East Asia contains three of the world’s youngest semi-presidential democracies: Mongolia, Taiwan, and East Timor. In addition to having a semipresidential constitutional structure, each of these countries also represents a relatively unusual case of democratization: Taiwan is one of East Asia’s famous “tiger” economies and the world’s only Sinitic democracy, but faces an ongoing crisis of nationhood; Mongolia is one of the few unambiguous examples of a successful transition to democracy and a market economy in the postcommunist world; while East Timor is both East Asia’s poorest nation and its newest democracy. As such, each represents an important test case for assessing the effect of semi-presidentialism upon democratic development.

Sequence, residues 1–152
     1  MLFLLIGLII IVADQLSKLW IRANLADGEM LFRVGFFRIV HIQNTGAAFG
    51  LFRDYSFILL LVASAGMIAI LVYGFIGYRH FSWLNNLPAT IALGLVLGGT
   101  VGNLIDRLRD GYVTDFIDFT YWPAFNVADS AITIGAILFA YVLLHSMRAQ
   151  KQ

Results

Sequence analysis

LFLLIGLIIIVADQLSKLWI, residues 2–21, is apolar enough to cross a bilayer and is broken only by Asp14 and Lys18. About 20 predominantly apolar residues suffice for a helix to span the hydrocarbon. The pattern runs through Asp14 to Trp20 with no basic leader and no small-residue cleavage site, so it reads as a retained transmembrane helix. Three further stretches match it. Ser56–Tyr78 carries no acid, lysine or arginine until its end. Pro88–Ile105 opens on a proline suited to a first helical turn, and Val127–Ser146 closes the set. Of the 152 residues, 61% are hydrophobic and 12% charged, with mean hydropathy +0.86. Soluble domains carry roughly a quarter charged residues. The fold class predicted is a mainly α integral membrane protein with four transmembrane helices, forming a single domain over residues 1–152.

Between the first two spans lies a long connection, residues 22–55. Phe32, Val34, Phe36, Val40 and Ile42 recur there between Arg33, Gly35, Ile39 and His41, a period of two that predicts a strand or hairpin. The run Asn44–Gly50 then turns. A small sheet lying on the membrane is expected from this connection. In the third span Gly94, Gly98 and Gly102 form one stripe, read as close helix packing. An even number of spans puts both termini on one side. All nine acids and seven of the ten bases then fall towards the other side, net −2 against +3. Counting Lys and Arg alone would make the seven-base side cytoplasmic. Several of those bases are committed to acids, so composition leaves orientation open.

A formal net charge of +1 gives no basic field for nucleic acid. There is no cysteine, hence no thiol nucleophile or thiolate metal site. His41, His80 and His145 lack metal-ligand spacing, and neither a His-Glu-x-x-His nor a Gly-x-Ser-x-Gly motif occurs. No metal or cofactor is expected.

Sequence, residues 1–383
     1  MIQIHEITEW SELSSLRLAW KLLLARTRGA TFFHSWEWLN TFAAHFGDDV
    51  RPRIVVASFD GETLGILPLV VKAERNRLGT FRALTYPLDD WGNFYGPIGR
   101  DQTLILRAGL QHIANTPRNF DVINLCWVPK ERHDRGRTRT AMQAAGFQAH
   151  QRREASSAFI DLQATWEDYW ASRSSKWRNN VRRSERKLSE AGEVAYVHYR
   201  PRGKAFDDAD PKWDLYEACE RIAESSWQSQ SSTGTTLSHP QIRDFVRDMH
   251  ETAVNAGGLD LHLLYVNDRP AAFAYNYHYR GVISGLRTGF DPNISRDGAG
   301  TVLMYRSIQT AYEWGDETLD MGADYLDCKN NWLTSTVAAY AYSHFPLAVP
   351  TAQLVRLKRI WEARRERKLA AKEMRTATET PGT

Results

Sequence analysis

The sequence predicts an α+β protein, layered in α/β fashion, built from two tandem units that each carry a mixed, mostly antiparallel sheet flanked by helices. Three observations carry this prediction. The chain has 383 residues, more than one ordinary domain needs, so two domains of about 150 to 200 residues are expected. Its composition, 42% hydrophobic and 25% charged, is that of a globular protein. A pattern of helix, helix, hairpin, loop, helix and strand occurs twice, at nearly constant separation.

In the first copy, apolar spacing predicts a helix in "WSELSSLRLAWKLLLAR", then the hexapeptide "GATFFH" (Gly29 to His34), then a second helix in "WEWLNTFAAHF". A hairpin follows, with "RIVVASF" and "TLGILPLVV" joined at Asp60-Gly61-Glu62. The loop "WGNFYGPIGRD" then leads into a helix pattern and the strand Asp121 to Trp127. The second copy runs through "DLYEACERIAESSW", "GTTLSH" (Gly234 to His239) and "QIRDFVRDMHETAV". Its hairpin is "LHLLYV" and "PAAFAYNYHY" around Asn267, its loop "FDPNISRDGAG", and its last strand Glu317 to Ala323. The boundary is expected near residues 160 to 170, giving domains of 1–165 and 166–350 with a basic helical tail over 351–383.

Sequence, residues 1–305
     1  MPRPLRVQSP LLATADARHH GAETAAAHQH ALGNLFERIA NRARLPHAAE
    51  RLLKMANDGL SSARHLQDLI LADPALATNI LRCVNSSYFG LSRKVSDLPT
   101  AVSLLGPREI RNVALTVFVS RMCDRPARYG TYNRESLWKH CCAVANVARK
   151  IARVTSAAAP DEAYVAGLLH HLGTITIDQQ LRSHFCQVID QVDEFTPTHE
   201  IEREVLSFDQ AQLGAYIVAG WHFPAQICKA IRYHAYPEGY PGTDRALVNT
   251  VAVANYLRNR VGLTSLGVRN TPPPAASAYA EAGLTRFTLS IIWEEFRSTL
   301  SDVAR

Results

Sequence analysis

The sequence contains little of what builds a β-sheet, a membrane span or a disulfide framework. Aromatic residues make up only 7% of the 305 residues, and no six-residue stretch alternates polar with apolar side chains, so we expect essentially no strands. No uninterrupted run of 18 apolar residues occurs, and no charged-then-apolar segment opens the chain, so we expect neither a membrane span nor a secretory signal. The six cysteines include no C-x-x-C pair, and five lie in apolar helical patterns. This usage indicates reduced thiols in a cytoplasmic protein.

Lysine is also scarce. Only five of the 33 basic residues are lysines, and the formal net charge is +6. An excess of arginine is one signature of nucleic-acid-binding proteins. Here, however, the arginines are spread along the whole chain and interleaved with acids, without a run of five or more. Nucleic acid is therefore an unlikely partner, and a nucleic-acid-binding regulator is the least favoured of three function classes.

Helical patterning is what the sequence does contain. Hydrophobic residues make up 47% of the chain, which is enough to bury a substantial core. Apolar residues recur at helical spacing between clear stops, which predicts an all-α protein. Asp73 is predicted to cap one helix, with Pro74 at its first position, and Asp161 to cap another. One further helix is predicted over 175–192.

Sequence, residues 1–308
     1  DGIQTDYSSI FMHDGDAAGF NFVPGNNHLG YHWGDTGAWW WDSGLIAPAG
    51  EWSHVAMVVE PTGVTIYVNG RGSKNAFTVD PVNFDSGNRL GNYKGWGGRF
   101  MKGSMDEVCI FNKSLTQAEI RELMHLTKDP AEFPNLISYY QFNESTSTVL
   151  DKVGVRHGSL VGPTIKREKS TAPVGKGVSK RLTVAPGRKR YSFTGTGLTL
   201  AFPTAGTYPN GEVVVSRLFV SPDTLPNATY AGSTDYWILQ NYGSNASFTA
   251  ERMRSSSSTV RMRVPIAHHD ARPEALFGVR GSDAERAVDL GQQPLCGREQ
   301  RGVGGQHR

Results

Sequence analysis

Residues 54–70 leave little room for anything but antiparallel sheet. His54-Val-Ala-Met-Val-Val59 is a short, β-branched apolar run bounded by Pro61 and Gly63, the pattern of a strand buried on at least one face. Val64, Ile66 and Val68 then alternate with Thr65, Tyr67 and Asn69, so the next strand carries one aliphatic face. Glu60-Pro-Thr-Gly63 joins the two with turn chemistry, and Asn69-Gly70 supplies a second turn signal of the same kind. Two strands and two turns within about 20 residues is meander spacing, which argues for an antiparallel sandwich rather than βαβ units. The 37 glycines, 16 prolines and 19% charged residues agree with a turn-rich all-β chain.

|Title of host publication||Semi-Presidentialism and Democracy|
|Editors||Robert Elgie, Sophia Moestrup and Yu-Shan Wu|
|Place of Publication||Hampshire|
|Publisher||Palgrave Macmillan Ltd|
|Publication status||Published - 2011|